RANSON – Ranson City Manager Andy Blake, who has been instrumental in guiding the city’s residential and commercial development over the past 13 years, will leave his post next month.
Blake will take a post as the deputy legal director for Berkeley County. His last day on the job in Ranson is Nov. 22.
“I have the sincerest of gratitude for the opportunities that I have had in Ranson, Blake wrote in a resignation letter he submitted Oct. 20. “I commit to making the transition as smooth as possible and wish Ranson nothing but success.”
He starts his new job Dec. 2. It will pay $117,500, almost $700 more than his current salary as city manager. His resignation noted his immediate withdrawal as the city’s representative on the Jefferson County Development Authority board and member of the Hagerstown-Eastern Panhandle Metropolitan Planning Organization.
Hired as Ranson’s in-house attorney in 2006, Blake was promoted to city manager in 2013, a position that saw him overseeing city government operations, development decisions and construction projects.
During his tenure with the city, Ranson’s population rose more than 30 percent from 2007 to 2018 to about 5,200 residents, according to the U.S. Census. The city’s tax base, according to tax assessment data from the West Virginia State Auditor’s Office, grew more than 23 percent while he was city manager during those same 11 years. He supervised a $5.5 million municipal budget and a staff of about 40 employees administering city operations and programs in planning and zoning, public works, finance and public parks.
In his first seven years with the city, Blake worked closely with former mayor Dave Hamill, who died in 2016, and former city manager David Mills.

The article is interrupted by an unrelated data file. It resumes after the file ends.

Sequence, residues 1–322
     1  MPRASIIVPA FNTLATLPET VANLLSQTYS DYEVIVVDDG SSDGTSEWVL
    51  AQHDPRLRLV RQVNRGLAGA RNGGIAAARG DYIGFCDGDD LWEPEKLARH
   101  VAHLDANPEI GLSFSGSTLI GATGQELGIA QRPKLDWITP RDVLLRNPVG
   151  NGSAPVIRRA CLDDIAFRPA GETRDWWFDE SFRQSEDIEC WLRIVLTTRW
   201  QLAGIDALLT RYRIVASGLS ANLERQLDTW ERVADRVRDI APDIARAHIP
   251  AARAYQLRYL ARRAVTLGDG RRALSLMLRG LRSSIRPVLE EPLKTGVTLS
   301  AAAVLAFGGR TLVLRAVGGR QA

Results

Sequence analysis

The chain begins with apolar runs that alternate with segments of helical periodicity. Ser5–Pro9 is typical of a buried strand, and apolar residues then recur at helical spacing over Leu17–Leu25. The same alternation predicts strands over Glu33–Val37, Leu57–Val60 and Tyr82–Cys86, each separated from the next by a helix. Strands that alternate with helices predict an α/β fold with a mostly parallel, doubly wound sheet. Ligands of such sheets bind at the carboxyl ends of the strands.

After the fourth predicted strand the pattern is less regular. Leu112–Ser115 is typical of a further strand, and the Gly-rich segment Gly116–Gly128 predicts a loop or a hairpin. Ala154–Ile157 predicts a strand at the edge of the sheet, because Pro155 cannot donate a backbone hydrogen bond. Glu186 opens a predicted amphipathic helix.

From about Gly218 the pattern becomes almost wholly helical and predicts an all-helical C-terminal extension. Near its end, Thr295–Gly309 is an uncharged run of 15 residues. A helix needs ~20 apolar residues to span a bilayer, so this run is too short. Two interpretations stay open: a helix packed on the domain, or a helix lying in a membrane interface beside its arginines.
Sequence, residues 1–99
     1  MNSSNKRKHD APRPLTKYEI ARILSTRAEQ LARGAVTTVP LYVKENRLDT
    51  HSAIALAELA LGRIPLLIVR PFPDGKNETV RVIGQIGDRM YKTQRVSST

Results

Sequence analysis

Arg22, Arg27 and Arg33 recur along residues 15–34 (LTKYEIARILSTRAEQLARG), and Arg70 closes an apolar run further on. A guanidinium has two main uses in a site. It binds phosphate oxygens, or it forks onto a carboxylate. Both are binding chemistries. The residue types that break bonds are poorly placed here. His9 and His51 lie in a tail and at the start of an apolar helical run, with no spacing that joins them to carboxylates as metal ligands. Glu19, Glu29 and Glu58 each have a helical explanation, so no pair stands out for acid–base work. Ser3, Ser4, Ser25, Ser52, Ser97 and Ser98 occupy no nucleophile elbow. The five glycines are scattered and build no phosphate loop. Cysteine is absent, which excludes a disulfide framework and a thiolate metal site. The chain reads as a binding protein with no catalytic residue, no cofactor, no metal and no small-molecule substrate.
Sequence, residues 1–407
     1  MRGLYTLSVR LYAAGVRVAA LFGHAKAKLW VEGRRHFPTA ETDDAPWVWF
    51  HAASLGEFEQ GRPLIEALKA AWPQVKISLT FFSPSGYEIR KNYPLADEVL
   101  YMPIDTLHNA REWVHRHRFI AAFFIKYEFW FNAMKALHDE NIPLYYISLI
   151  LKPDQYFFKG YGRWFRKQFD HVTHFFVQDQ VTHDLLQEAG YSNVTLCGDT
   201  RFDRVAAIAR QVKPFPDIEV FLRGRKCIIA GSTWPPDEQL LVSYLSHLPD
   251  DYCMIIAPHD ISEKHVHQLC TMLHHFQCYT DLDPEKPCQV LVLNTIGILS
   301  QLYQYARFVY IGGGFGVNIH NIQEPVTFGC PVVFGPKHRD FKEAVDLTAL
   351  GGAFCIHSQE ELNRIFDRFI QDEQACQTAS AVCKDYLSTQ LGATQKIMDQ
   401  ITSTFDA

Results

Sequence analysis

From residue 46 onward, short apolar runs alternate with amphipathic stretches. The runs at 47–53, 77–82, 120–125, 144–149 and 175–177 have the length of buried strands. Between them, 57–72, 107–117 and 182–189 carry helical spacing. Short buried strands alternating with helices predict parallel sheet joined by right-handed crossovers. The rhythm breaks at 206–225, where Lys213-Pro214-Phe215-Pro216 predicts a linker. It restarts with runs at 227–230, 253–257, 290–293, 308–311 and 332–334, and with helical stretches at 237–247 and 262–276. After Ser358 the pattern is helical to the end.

One of Blake’s first major undertakings was revamping Ranson’s zoning code to adopt a SmartCode concept allowing for the development of more walkable and mixed-use neighborhoods with more public open spaces. Blake completed undergraduate studies at Shepherd University and earned his law degree at West Virginia University. He earned several awards and honors for his municipal projects and achievements. In 2016, he was recognized nationally for his work as an urban planner by the Congress for the New Urbanism, an urban planning association in Washington, D.C.
Updating the city’s comprehensive plan, rebuilding and extending Fairfax Boulevard, managing brownfield industrial cleanups, and obtaining millions in various federal and state grants were his most significant activities and accomplishments. While progress on Fairfax Boulevard has recently slowed, Blake said the road will be completed.
“The road will get built because it is critical to economic development and public safety, and one way or the other the city will be reimbursed, but the priority is to get it built and a groundbreaking could be held in the spring,” he said.
As the city manager, it was Blake’s job to oversee zoning changes and building permit approvals for the Rockwool factory, which promises to bring 150 jobs. The Rockwool plant has attracted intense criticism from some area residents who fear it will lead to more industrial activity in the county.